Anger management issues and on-set rantings aside, Christian Bale is also no stranger to literary adapations. While he's best known for his gravely-voiced Batman, his roles run the gamut from the Antebellum heartthrob to a sociopathic yuppie with a penchant for axe murder. Here's a look at Christian's bookish career, just don't mess with any of the set lights while you're reading this post, m'kay?
This adaptation of Louisa May Alcott’s Little Women features Christian Bale as the Antebellum heartthrob, Laurie. (If you were a young girl in the 1990s, you know what we are talking about.) He is the complete package: he is handsome, wears awesome period clothing, acts in plays, and helps save Amy when she falls through the ice. Bale’s lovable performance made viewers yell at the screen and gnash their teeth in despair and disbelief when Jo rejects his declaration of love. How could you turn down Laurie for an old, stodgy professor, Jo?
We could not forget Christian Bale’s role in this adaptation of Bret Easton Ellis’ American Psycho no matter how hard we try. Bale adopts an American accent as Patrick Bateman, but he is not making sweet, adolescent proclamations of love. Oh no, he is talking about Huey Lewis and the News as he commits murder with an axe. We also cannot forget the prostitutes and Wall Street greed. While this role has gained him critical acclaim, it has not won over overprotective parents.
A Midsummer Night's Dream
Christian Bale returns to the 19th century in the 1999 adaptation of one of Shakespeare’s most popular plays: A Midsummer Night’s Dream. His character, Demetrius, has a major fan girl, Helena, but he is in love with Hermia, who is love with Lysander. Don’t worry, this love quadrangle works out with the help of fairy flowers and some major magic. There isn’t much to say about his role here—Shakespeare intentionally made the lovers generic and interchangeable—except that he rides a bicycle like a boss.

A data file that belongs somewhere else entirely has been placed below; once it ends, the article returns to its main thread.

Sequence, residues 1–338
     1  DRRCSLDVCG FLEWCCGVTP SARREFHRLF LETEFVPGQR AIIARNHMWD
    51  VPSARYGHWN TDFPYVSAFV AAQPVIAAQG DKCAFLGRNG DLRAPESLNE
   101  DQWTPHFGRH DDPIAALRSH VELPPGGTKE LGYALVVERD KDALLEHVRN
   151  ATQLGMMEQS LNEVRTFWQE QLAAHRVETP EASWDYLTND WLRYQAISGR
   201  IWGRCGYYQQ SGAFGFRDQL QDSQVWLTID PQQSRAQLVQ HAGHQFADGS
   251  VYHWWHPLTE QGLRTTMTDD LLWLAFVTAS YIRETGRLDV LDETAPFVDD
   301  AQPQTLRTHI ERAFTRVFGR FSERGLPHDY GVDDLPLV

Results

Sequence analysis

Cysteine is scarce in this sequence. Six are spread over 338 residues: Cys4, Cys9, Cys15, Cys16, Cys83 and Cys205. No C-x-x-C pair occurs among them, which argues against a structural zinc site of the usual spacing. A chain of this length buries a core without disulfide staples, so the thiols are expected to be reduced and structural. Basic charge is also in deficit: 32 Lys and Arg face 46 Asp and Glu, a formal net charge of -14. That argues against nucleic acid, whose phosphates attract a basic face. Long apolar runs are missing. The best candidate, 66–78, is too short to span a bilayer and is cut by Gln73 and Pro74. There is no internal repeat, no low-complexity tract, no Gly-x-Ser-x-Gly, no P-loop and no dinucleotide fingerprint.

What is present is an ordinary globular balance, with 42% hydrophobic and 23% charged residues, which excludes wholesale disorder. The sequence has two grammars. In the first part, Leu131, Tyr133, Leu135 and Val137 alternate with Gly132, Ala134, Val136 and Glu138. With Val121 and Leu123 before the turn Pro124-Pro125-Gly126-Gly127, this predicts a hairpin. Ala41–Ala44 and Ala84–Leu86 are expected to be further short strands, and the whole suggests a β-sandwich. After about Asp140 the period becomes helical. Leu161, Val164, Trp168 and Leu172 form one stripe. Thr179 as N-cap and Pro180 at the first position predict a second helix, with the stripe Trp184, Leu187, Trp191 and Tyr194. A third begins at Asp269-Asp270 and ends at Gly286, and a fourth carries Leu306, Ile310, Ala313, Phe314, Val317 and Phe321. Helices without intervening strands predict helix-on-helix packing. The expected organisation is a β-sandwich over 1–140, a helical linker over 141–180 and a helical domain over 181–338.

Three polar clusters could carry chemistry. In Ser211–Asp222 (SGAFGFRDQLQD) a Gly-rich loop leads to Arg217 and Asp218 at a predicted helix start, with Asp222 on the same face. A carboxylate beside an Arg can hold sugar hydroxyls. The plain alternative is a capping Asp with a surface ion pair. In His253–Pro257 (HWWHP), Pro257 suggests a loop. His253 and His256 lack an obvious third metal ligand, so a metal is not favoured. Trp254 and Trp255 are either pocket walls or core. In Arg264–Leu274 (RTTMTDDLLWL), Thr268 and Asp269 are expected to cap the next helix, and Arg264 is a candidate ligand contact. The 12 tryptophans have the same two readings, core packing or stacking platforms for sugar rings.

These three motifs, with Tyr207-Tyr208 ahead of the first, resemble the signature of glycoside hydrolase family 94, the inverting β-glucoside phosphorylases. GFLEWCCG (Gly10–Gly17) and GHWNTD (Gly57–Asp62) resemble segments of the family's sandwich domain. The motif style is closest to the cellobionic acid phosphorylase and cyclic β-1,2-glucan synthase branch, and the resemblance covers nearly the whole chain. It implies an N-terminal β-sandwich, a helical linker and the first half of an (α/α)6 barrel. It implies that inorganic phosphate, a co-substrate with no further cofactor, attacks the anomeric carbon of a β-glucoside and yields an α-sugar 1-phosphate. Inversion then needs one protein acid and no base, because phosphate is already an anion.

Howl's Moving Castle
Christian Bale must have a thing for magic because he lends his voice to Miyazaki’s animated adaptation of Diana Wynne Jones’ Howl’s Moving Castle. He plays a wizard named Howl who has major powers (he can turn himself into a bird and has a castle that, well, moves) as well as gigantic tantrums. We never see his body language or facial expressions—we enjoy Miyazaki’s stunning artwork instead—but we do still get incredible sense of character and emotion from Christian Bale’s voice acting.
Just when you think Christian Bale is done with magic and period pieces, he pulls another rabbit out of his hat and appears as a turn of the century magician in the film adaptation of Christopher Priest’s The Prestige. His character does not actually perform magic; he has a permanent double—he and his twin share the same life. As in, they both pretend to be married to the same woman and share fatherhood duty with her child. They even go so far as cutting off the finger of one twin when the other one loses it for the sake of continuity, taking the idea of suffering for art to a whole new level. It is a stunning feat for Christian Bale to play two men playing the same man. If trying to keep up with the trick was difficult for us, it must have been even harder to orchestrate.
There you have it. Christian Bale loves himself some period costumes and magic in his book adaptations. If you were going to put money on his next film, bet on a steampunk piece about powerful wizards, with Huey Lewis and the News’ “Hip to Be Square” as the theme song. Which Christian Bale book adaptation role is your favorite? Let us know on Twitter at @QuirkBooks!